Delta Air Lines Inc., American Airlines Group Inc. and United Continental Holdings Inc. charge $25 for the first bag and $35 for the second. Fees for a third piece of luggage vary. Southwest Airlines Co. is the only large U.S. airline that doesn't charge for a single checked suitcase.

-- Bloomberg News

Disney offer covers raises, part-timers

ORLANDO, Fla. -- The proposed contract Walt Disney World's unionized workers will vote on next week would increase the starting minimum wage by at least 46 percent over three years to $15 an hour, while enabling Disney to use more part-time workers and require new workers to stay in their positions longer before transferring, according to new details released Monday.

The proposed four-year contract would raise wages for existing workers by at least $4.75 an hour by October 2021.

A coalition of six unions representing Disney World workers is recommending that its members approve the deal, which was reached late last week after about a year of negotiations. An earlier proposal was rejected by workers last year. The contract covers costumed characters, bus drivers, launderers, retail workers, monorail drivers, custodians, housekeepers, servers, cooks, florists, makeup artists and lifeguards, among other workers.

If the contract is ratified, each Florida worker will receive a $1,000 bonus that Disney had paid to other employees after last year's tax cut by Congress.

The deal covers more than half of the 70,000 workers at Walt Disney World, which is the largest single-site employer in the United States.

-- The Associated Press

Alabama Power loses license for dams

MONTGOMERY, Ala. -- Federal regulators are canceling Alabama Power's license for the Coosa River dams.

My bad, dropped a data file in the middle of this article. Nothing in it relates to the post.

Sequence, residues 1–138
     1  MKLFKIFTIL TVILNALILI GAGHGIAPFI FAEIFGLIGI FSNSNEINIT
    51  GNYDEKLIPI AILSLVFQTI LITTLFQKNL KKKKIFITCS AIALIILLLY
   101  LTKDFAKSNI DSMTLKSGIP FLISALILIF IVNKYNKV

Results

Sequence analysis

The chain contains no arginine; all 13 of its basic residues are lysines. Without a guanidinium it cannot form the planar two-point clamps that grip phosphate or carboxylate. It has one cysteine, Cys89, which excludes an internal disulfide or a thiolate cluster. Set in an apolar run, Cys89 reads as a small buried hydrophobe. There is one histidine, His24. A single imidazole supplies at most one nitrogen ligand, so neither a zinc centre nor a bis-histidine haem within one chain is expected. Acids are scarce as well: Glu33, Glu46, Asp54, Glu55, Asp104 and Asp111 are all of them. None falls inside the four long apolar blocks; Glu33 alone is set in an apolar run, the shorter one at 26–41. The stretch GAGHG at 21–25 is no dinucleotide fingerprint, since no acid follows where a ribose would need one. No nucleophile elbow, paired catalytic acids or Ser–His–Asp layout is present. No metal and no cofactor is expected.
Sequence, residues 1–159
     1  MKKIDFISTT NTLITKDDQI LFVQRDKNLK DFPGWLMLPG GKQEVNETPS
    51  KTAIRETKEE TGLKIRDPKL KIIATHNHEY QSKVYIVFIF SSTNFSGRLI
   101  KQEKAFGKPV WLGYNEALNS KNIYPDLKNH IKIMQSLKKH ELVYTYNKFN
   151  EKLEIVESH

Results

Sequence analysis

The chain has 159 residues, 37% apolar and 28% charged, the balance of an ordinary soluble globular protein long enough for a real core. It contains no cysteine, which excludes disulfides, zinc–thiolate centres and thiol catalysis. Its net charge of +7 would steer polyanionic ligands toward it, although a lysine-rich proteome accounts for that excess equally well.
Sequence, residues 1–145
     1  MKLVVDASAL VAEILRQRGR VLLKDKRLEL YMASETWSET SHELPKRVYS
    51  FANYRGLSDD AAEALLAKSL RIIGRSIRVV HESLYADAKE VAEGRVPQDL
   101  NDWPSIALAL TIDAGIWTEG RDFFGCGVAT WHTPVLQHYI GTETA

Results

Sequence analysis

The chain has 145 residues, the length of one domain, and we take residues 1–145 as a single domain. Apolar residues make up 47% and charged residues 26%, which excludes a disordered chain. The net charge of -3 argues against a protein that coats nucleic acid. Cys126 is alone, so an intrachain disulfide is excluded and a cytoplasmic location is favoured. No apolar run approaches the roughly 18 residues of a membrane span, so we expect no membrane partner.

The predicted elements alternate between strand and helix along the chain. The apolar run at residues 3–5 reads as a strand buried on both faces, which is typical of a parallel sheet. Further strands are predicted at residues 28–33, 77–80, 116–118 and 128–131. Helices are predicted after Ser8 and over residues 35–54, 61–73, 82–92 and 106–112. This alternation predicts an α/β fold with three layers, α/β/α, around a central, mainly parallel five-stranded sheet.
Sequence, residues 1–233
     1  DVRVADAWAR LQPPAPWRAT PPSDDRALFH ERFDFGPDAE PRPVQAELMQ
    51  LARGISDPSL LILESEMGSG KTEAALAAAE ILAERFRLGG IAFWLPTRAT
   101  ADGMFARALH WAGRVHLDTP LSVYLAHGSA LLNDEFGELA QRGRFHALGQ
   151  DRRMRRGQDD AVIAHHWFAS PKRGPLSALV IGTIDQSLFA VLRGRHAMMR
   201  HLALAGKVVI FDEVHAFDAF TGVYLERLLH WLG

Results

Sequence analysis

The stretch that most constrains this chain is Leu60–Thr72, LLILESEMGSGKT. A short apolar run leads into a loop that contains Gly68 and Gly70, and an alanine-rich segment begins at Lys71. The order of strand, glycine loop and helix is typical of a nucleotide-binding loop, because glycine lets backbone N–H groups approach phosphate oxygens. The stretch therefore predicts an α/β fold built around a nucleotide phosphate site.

The Montgomery Advertiser reported that the Federal Energy Regulatory Commission made the decision about a license that had been issued in 2013.

The decision comes after a U.S. Court of Appeals ruled the license did not adequately deal with the negative effects that the dam operations have on Coosa River plants and animals.

The Coosa River system provides more than half of Alabama Power's hydroelectric power.

The rejection of the 30-year license means the utility will have to come up with new ways to meet the federal Endangered Species Act and the National Environmental Policy Act rules.

-- The Associated Press

Ex-Fiat Chrysler exec gets prison term

DETROIT -- A former Fiat Chrysler executive was sentenced to 5½ years in federal prison Monday in a scheme to curry favor with union officials by showering them with cash and gifts.

Former head of labor relations Alphons Iacobelli admitted that he turned the budget of a company-sponsored training center into a slush fund. He's the highest-ranking company official sentenced thus far in a federal probe that includes training centers at General Motors and Ford.

Prosecutors have said in court documents that the goal was to get benefits and concessions for Fiat Chrysler in the negotiation and execution of contracts between the company and the United Auto Workers.

The Detroit News and Detroit Free Press reported that Iacobelli, 58, apologized, accepted responsibility and pledged cooperation in the investigation before U.S. District Judge Paul Borman. He also was ordered to pay $835,523 in restitution.

Iacobelli pleaded guilty in January to conspiracy and tax crimes in a scheme worth more than $1.5 million.

-- The Associated Press

Business on 08/28/2018

Print Headline: Aramco gains 40-year Saudi concession Missouri's meat-labeling law draws suit JetBlue raises fees for checked bags Raises, part-timers in Disney offer Disney offer covers raises, part-timers Alaba...